How to Be an Effective Tweeter: A Twitter Checklist

For those of you who don’t read Legal Productivity, what is wrong with you? It is a great blog with great information. A recent post caught my attention: Effective Tweeting: A Twitter Checklist. I suggest you go read the whole article, including the explanations behind each of the items in the checklist (there are tips and tricks you won’t want to miss). In the meantime, here is the “checklist” for quick reference:

Twitter Tips and Tricks

  • Tweet when your followers are around
  • Tweet frequency
  • Retweet
  • Tweet great content
  • Give attribution
  • Engage
  • It’s okay to schedule posts
  • Optimize your Twitter bio
  • Create Twitter lists

All of those are good suggestions. If you are only going to follow one, make sure it is “Tweet great content.” When it comes to lawyers and other legal professionals (or any professionals), the most important thing you can do is tweet out great content (and then engage with those who ask questions about your great content). This is one of the fundamental keys to successfully using Twitter.

I’ve offered up on my thoughts on how to effectively use Twitter in various other articles. For example, I previous posted: More Twitter Tips for Lawyers, which links to the following tips:

  • Length. Although you get 140 characters for your beautiful prose, make sure your tweets are sufficiently short that they can be re-tweeted without having to be revised by the re-tweeter. (Remember that RT @[Your Name] will / should be added.) Keep your tweets short enough that they can be re-tweeted in their entirety.
  • Attribution. If you tweet about another’s article or post (which is basically what all of us always do), take the time to find out that person’s Twitter handle and include it in the tweet. Not only will the attribution be appreciated, but you are also likely to pick up a new follower or get a mention by the person you’ve acknowledged. Use this to help build your network.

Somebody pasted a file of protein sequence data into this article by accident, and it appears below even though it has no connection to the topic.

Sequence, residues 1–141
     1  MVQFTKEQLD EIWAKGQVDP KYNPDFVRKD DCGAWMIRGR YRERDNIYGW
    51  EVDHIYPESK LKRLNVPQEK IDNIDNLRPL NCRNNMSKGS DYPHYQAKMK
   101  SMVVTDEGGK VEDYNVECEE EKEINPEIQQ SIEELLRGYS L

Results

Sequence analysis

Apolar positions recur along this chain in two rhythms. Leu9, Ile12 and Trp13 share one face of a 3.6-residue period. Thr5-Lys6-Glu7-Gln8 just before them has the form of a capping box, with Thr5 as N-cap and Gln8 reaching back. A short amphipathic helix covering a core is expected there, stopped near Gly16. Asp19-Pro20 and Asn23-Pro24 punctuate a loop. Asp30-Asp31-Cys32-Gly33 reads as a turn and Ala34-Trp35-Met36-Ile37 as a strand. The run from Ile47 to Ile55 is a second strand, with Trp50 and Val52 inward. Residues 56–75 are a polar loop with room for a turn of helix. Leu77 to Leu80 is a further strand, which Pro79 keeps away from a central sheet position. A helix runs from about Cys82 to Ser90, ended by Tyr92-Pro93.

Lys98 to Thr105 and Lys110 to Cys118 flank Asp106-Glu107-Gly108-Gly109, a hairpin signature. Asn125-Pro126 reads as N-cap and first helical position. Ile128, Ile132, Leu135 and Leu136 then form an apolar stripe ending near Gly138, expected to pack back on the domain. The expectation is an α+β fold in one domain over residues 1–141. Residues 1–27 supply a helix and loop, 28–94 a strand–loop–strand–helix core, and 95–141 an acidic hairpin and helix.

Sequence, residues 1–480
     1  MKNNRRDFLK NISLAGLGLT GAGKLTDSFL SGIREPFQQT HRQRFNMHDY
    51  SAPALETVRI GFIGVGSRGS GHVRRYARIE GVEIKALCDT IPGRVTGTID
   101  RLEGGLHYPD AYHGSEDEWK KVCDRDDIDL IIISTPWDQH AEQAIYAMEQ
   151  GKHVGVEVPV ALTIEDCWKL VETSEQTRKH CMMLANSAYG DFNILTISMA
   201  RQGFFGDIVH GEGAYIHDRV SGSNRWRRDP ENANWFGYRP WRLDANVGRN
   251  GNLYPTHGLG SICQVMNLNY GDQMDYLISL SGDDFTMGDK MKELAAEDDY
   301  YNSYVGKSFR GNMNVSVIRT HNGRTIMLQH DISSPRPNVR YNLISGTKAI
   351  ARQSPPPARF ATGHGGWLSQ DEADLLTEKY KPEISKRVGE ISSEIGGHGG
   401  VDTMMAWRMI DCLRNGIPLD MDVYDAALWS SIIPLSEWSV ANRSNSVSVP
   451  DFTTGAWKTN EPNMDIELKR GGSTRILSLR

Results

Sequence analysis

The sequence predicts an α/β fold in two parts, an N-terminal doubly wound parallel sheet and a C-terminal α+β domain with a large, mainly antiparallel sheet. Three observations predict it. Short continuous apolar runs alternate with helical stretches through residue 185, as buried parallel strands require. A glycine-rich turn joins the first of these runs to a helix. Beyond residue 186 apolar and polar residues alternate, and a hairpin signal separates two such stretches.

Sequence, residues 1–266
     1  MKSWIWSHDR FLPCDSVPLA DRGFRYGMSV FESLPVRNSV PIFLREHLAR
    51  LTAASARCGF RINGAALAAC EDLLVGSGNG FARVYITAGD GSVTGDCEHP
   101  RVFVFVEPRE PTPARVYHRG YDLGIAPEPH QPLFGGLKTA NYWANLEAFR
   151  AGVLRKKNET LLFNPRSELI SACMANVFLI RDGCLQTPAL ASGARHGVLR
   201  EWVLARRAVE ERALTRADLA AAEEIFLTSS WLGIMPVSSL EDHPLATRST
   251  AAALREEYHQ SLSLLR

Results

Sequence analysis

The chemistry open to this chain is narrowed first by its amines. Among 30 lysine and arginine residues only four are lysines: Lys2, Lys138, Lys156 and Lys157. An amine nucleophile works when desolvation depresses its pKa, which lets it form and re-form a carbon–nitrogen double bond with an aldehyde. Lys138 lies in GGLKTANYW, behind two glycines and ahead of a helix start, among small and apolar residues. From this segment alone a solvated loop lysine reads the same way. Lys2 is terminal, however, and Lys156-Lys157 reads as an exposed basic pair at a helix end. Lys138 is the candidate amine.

• Adding Substance. I’ll admit that I am guilty of not always following this tip. But we should all be better at adding a little commentary on our tweets and re-tweets. Include a brief statement of why you are sending the tweet out. It can be as simple as “Found this interesting:” followed by the title of the article or post. Too frequently, I see tweets (and send tweets) that have nothing more than the title of a post and a link. Take time to offer up a few words explaining why your followers should be interested in what you are sending.
  • Frequency. Except in extreme circumstances, I would not worry about tweeting too often. I know there are many who disagree with this and suggest you purposefully refrain from flooding the twitterstream too frequently. But I don’t see it as a significant problem, especially when you are sending helpful information. Even with re-tweets–don’t hesitate to send out five re-tweets in a matter of minutes, assuming of course
    , that all five are worthy of being re-tweeted.
  • Repetition. When you publish a new blog post, article, or something similar, you most certainly will send notice of it to your Twitter followers. But remember that not all your followers are paying attention to their streams at the same time. Some may say it is bad form, but feel free to tweet about the post or article several times (at different times of the day) so that your followers won’t miss it.

Note that many of the tips overlap. That is not surprising. As you implement this tips, you should find that your experience, your engagement, and the overall impact you are having via Twitter increases dramatically.

About Tyson Snow

Tyson B. Snow is a partner at Pia Anderson Dorius Reynard & Moss, LLC, in Salt Lake City. He is considered an expert on social media law, particularly social media law's impact on the workplace and employment. His practice involves all areas of federal court litigation with an emphasis in employment litigation, commercial litigation, and intellectual property litigation, including trademark disputes, cybersquatting, copyrights, and other technology related issues. He also frequently litigates in Utah’s state district and appellate courts. Email: tsnow@padrm.com Twitter: @tysonESQ

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